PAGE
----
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Whether you think Edward Snowden is a hero or a traitor, there’s no denying that his latest revelations are bad for U.S. businesses. As I wrote last week, Snowden’s divulgence of the National Security Agency’s (NSA) Prism electronic surveillance program is bad news for American tech companies, especially those operating in China. Snowden’s latest claim – that the U.S. government has been engaging in cyber attacks on Chinese entities for years – further imperils U.S. businesses by threatening to derail nascent progress resolving the ongoing Sino-American cyber dispute, and heightening the likelihood of retribution China-based hackers on U.S. organizations.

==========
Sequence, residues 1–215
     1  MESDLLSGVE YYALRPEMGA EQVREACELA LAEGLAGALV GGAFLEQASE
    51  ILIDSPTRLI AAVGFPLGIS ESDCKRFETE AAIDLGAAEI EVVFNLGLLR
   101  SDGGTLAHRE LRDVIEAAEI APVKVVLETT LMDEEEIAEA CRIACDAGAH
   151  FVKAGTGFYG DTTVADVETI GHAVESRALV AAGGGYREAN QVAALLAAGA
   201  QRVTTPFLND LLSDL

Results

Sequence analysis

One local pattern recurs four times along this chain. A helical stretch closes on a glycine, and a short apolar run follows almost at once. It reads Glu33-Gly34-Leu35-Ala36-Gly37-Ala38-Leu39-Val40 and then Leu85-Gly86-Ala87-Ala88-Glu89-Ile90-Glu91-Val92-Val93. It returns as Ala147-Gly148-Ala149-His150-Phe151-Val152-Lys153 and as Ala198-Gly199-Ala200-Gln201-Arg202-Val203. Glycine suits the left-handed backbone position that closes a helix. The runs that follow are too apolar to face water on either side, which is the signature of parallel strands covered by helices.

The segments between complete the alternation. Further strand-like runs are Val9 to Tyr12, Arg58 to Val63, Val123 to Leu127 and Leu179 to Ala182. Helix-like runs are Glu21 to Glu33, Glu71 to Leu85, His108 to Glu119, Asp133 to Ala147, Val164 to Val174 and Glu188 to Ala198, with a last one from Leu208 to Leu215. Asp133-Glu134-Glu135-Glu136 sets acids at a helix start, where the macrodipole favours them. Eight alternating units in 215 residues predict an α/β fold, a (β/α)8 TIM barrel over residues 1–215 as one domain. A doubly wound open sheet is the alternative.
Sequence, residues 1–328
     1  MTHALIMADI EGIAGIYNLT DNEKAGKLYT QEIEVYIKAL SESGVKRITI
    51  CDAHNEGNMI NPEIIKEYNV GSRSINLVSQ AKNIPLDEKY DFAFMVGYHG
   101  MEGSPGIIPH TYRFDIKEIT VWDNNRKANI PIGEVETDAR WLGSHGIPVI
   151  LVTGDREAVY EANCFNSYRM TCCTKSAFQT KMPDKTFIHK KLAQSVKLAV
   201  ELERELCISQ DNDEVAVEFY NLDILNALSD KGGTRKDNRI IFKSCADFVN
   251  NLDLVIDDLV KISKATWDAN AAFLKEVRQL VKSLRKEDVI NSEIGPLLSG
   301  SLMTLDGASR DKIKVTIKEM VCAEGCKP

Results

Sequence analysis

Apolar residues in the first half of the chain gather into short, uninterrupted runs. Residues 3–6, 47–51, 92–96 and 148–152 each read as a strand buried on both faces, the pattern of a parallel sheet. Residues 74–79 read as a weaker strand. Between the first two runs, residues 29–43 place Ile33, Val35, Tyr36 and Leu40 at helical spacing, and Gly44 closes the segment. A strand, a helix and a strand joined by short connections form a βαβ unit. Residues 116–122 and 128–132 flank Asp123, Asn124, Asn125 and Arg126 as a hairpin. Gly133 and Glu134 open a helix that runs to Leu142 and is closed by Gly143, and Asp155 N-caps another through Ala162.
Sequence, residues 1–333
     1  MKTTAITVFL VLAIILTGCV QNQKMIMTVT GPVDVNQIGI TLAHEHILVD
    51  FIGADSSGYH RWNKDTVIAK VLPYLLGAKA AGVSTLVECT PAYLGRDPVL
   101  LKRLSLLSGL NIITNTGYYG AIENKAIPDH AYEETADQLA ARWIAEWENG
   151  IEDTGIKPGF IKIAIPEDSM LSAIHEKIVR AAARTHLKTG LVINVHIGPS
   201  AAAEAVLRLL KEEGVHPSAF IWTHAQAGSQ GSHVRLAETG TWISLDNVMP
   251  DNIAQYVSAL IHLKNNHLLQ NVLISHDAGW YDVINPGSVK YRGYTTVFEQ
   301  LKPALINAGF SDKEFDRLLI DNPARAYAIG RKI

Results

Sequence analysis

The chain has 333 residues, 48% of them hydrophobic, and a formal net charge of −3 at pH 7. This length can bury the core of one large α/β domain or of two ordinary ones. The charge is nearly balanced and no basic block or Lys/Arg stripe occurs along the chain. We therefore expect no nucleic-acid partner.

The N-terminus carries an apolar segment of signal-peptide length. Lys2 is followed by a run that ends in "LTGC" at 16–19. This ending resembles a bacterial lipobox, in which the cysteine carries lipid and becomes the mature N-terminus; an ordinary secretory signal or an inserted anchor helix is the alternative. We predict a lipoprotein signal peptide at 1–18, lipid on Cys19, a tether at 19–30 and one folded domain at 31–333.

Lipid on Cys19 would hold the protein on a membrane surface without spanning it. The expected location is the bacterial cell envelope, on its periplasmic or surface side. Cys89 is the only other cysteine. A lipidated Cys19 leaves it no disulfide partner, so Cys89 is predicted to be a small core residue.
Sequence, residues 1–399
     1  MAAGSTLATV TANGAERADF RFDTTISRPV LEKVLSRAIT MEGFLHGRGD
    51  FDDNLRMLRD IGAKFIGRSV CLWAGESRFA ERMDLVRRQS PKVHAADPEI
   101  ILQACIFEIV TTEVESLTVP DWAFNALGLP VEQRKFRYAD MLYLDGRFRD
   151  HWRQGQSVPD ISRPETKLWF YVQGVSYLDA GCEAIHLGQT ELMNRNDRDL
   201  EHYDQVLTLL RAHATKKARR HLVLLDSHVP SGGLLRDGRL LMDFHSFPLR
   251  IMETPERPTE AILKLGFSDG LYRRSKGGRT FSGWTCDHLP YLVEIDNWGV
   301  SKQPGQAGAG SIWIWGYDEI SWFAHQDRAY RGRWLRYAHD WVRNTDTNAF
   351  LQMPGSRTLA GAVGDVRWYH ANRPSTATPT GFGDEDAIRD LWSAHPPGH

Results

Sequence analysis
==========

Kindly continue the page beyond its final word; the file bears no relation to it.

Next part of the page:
Following his successful debut as NSA whistleblower with the Guardian, Snowden turned to Hong Kong’s South China Morning Post last week for round two, revealing that the U.S. has been hacking organizations in both mainland China and Hong Kong for years. Snowden’s intel, coupled with a Foreign Policy article on the NSA’s “ultra-secret China hacking group,” captured the attention of the Chinese people and press. As contextChina’s Wen Liu reported in a recent post, Chinese netizens were quick to label Snowden a freedom fighter. Meanwhile, state-run news publication the Global Times referred to him as a “card” in the U.S.-China relationship and Party mouthpiece the People’s Daily ran an editorial decrying U.S. hypocrisy in the cyber realm.